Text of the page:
So my great aunt really wasn’t a Romulan but for all you Star Trek fans, you’d be hard pressed to not admit with her very black dyed hair, blunt bangs and the bowl cut that she didn’t remind you of the Federation’s nemesis. So she was missing some pointy ears. Big deal. But she did have a way about her that her way was the ONLY way. I clearly remember the Thanksgiving arguments with my dad, uncle, and cousin (her son) and they were all usually on the same side! Unless it was football, then it just sounds like a bar joke. “A Hurricane, a Gator, and a Seminole walk into a bar….” (For you noncollege football fans, that would be the main three Florida teams.) Religion and politics? Same sides of the same coin yet they would all still find something to disagree upon.
My aunt wasn’t really all that eccentric, but when I saw this week’s topic was “Eccentric relatives”, I was nervous because I really don’t have any. I mean, maybe they are to the rest of the world, but to me, they’re just…normal. I suppose it’s possible that I have eccentric relatives on my husband’s side, but that’s a whole other can of worms I refuse to open. Plus, it’s far more aggravating than entertaining and I won’t go there. Repeat. Will NOT go there.
My great aunt was a serious bargain hunter which was passed onto her grandaughter (my favorite second cousin – not to be confused with my second favorite cousin because I really don’t know who that one would be). I’ve heard stories about their epic finds at garage sales and such. I had no idea you could talk the produce manager into discounting food at the local Winn Dixie, but apparently, my great aunt was a master of this. Sure, I expect some haggling at a yard sale, but Winn Dixie or Publix? I just can’t do it. (Probably because my grocery store trips are of the “Get in, get out, get everything on the list” variety. I don’t have time or SKILLS to argue about the prices of less than stellar produce. Like I could even identify it. Good=I buy it. Bad=I don’t.) I thought I was the deficient one until I learned that the bargain shopping gene apparently skipped over my great aunt’s daughter (my favorite second cousin’s aunt) as well. Whew! I started to think I was the family freak. Well, maybe I am, but it’s nice to know I’m not the only one or even the original. It was that cousin who got me hooked on those cute MAC eyeshadows and damn good wine. She makes me feel welcome everytime I make a trip to the Bay Area in California. (And her husband ALMOST convinces me that I could become a baseball fan.)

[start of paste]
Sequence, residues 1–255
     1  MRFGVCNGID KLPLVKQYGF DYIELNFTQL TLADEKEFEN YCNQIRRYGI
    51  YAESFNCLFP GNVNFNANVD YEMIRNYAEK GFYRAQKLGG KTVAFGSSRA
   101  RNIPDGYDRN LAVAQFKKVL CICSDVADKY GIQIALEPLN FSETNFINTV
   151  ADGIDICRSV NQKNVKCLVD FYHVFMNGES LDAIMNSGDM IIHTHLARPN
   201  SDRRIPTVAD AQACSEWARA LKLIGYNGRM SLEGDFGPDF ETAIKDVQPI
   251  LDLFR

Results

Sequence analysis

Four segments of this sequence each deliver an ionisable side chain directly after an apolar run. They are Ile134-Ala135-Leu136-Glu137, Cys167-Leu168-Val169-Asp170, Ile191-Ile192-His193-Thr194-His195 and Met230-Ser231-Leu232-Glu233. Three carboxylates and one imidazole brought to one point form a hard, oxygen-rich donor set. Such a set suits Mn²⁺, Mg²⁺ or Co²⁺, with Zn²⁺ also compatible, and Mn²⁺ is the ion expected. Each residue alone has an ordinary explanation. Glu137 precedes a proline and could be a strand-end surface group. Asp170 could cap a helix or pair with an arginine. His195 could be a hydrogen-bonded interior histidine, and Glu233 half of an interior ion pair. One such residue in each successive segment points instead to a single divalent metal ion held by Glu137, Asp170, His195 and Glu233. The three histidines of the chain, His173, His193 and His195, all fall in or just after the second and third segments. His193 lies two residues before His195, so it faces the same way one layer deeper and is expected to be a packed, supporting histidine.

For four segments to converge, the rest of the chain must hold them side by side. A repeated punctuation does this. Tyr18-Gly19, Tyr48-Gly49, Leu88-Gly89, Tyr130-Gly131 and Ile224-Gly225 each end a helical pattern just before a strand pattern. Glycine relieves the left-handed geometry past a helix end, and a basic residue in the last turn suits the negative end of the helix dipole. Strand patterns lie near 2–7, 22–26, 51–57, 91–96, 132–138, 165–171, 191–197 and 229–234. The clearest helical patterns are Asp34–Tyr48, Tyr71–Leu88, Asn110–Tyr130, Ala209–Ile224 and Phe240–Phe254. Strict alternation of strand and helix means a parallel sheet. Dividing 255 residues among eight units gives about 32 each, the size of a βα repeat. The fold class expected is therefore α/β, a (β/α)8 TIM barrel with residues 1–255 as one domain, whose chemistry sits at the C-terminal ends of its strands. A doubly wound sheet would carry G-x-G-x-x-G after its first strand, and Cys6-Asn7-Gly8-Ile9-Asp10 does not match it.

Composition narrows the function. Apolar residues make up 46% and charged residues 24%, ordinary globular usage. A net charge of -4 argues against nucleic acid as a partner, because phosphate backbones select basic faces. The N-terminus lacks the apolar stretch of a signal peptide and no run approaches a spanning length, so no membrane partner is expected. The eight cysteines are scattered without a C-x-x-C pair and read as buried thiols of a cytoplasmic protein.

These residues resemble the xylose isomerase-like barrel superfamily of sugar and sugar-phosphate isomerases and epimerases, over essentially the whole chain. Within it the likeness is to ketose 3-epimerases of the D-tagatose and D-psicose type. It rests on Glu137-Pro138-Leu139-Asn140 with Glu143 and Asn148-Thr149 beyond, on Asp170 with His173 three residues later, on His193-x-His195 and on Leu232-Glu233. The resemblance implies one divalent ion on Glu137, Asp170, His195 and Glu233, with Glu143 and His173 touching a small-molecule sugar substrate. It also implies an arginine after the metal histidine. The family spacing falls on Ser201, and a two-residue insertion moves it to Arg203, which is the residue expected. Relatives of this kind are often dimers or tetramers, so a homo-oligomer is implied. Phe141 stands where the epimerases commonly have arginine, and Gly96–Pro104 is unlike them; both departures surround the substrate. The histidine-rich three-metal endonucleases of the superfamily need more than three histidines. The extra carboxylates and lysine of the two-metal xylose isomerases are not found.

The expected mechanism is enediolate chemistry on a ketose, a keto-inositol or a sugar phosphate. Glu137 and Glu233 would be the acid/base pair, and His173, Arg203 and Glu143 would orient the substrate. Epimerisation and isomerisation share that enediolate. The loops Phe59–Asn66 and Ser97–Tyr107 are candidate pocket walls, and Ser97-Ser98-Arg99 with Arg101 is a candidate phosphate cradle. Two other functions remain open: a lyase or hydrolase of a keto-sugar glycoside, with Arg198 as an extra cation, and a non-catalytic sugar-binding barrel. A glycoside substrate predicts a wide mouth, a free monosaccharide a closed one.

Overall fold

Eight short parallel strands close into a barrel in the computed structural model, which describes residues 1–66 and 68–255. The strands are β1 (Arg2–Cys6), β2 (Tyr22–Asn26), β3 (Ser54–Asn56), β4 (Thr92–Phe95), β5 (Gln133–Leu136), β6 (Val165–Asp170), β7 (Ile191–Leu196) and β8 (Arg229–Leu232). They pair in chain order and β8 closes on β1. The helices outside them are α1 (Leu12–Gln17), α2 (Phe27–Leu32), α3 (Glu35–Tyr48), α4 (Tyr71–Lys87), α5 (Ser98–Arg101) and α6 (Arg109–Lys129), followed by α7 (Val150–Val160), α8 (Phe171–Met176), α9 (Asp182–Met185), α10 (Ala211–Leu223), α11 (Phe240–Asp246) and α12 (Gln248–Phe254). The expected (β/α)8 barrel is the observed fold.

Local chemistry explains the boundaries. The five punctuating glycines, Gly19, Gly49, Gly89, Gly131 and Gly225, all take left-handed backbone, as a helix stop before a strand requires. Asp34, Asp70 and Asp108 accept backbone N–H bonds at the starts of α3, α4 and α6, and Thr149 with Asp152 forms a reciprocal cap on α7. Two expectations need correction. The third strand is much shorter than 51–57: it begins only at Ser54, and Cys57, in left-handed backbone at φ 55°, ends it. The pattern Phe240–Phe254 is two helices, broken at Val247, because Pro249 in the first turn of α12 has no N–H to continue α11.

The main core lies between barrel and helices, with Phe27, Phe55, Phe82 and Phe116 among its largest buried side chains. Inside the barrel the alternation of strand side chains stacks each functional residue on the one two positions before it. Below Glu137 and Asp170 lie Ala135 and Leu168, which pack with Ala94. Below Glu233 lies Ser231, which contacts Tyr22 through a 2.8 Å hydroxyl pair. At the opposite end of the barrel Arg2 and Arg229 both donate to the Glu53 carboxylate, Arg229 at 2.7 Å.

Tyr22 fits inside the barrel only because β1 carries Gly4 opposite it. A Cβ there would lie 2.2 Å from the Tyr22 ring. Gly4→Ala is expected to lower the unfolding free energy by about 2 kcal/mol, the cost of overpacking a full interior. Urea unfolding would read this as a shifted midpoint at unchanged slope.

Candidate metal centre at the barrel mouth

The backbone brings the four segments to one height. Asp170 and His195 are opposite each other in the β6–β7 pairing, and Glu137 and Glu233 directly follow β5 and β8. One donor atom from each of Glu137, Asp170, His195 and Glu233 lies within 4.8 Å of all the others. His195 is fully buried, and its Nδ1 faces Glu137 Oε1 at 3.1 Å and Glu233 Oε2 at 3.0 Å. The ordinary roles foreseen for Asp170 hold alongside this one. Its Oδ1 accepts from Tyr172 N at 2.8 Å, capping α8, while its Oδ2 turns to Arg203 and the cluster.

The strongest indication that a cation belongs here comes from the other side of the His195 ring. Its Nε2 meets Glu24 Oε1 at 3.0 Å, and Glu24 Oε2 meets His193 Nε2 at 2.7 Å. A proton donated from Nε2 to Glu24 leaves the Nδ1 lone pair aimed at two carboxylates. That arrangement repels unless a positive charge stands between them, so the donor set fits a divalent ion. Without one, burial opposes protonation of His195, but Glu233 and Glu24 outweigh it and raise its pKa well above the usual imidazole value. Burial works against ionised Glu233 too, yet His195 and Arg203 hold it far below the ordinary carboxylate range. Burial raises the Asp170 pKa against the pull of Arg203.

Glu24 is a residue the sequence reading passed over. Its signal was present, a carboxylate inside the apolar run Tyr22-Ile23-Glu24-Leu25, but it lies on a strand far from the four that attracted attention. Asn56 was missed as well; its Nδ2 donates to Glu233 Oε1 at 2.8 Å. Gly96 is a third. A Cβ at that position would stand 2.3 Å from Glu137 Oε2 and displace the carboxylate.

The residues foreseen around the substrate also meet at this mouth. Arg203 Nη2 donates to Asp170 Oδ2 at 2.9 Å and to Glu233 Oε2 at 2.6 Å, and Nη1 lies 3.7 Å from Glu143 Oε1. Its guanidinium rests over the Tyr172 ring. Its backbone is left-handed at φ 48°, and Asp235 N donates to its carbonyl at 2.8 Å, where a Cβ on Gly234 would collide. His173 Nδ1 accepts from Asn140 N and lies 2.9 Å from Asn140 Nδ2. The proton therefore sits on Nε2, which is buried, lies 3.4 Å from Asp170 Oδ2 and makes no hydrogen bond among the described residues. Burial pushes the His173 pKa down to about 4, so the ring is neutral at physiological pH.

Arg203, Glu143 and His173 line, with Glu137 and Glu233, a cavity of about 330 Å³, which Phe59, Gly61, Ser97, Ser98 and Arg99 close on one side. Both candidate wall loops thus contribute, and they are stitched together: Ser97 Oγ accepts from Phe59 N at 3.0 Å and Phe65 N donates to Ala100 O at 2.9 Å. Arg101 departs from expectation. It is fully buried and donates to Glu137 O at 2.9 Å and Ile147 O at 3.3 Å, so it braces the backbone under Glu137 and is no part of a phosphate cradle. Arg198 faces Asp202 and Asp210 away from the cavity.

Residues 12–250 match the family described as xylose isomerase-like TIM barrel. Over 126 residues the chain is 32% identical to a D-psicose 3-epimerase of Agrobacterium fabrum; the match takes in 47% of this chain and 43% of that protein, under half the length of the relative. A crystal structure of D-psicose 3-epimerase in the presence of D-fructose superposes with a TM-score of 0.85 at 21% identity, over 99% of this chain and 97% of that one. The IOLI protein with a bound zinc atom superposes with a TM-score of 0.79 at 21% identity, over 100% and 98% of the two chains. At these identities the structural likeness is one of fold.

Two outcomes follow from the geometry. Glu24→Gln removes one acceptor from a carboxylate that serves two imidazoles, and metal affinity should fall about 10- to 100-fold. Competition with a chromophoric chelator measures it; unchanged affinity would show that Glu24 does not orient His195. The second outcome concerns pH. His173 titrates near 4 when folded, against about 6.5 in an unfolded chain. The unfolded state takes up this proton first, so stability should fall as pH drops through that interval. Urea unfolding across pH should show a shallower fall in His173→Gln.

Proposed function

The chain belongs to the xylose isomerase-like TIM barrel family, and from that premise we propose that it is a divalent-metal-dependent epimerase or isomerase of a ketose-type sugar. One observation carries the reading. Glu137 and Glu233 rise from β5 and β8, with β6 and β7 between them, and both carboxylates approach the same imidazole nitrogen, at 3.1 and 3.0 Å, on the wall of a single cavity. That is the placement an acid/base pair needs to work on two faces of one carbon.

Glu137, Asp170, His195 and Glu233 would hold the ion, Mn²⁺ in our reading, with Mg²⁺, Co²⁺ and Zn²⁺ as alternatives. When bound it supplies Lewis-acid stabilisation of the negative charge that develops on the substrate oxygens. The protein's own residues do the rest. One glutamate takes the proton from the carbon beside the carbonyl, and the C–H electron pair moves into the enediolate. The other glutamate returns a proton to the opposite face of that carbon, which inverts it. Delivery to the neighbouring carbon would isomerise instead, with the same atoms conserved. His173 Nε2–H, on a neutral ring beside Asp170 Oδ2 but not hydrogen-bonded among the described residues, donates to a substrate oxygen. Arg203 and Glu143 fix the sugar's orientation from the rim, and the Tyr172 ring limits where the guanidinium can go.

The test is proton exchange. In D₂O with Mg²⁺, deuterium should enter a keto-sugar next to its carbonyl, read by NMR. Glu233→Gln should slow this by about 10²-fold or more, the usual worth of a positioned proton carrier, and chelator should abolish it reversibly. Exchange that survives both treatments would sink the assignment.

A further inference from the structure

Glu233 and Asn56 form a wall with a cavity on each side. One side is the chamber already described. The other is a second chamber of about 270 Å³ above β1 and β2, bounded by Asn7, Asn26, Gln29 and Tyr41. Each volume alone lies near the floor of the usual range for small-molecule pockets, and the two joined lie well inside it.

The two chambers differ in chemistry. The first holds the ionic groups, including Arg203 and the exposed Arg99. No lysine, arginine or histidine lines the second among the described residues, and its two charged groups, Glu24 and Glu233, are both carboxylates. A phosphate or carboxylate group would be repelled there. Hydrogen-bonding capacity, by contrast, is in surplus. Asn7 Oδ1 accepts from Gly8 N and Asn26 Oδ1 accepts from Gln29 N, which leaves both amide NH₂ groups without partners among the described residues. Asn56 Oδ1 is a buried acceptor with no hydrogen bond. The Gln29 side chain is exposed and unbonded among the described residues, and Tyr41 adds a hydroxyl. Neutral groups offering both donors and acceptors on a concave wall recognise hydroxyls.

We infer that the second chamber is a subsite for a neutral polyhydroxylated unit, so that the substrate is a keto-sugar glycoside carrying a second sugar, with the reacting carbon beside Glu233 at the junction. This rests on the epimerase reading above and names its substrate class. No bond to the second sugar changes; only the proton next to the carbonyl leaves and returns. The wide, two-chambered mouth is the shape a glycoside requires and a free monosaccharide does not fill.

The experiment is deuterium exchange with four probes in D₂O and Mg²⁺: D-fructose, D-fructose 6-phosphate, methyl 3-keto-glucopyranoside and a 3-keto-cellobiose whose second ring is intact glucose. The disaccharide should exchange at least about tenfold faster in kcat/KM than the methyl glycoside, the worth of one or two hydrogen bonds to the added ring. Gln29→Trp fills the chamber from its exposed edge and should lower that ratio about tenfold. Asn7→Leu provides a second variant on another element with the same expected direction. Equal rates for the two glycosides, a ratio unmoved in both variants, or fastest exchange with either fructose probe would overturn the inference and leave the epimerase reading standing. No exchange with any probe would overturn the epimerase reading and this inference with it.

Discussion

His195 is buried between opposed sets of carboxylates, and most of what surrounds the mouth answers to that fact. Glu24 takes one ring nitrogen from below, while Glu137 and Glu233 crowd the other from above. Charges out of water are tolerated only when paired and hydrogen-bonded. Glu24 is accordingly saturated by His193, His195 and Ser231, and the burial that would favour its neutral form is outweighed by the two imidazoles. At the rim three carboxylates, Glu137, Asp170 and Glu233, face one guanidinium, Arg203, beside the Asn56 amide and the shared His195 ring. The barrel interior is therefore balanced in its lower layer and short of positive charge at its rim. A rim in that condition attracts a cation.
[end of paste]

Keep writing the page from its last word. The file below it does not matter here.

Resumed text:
My great aunt’s son though captured the prize for tackiest Christmas gifts. We’re talking one year each of my kids got a Walmart bag (that was the wrapping) full of candy. Lots of candy. Like Halloween levels of candy. Then there was the year we all got flannel shirts. So. Not. Me. But you know what, it was a classic M (cousin’s name) gift. I realize as I’m typing this, it’s a lot funnier to me than it is to the rest of you. M passed away within the past year, and it’s things like the non-wrapped Christmas presents, used tools, ginormous amounts of candy, and other tacky-yet-quintessential-M gifts that bring a smile to my face when I think about him. Eccentric might be too high-falutin’ to describe my relatives and this particular blog post, but it’s like M’s Christmas presents. I did the best with what I had laying around.